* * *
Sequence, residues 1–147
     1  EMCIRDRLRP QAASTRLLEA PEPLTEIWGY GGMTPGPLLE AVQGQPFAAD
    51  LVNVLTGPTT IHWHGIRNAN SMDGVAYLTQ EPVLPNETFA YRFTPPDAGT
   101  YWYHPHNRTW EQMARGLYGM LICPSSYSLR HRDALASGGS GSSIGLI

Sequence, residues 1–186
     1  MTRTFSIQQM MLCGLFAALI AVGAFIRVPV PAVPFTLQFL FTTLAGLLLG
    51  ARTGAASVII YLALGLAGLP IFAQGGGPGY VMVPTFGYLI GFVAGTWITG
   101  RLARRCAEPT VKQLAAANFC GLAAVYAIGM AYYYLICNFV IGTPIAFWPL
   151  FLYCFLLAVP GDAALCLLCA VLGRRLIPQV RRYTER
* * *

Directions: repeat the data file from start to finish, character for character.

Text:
Sequence, residues 1–147
     1  EMCIRDRLRP QAASTRLLEA PEPLTEIWGY GGMTPGPLLE AVQGQPFAAD
    51  LVNVLTGPTT IHWHGIRNAN SMDGVAYLTQ EPVLPNETFA YRFTPPDAGT
   101  YWYHPHNRTW EQMARGLYGM LICPSSYSLR HRDALASGGS GSSIGLI

Sequence, residues 1–186
     1  MTRTFSIQQM MLCGLFAALI AVGAFIRVPV PAVPFTLQFL FTTLAGLLLG
    51  ARTGAASVII YLALGLAGLP IFAQGGGPGY VMVPTFGYLI GFVAGTWITG
   101  RLARRCAEPT VKQLAAANFC GLAAVYAIGM AYYYLICNFV IGTPIAFWPL
   151  FLYCFLLAVP GDAALCLLCA VLGRRLIPQV RRYTER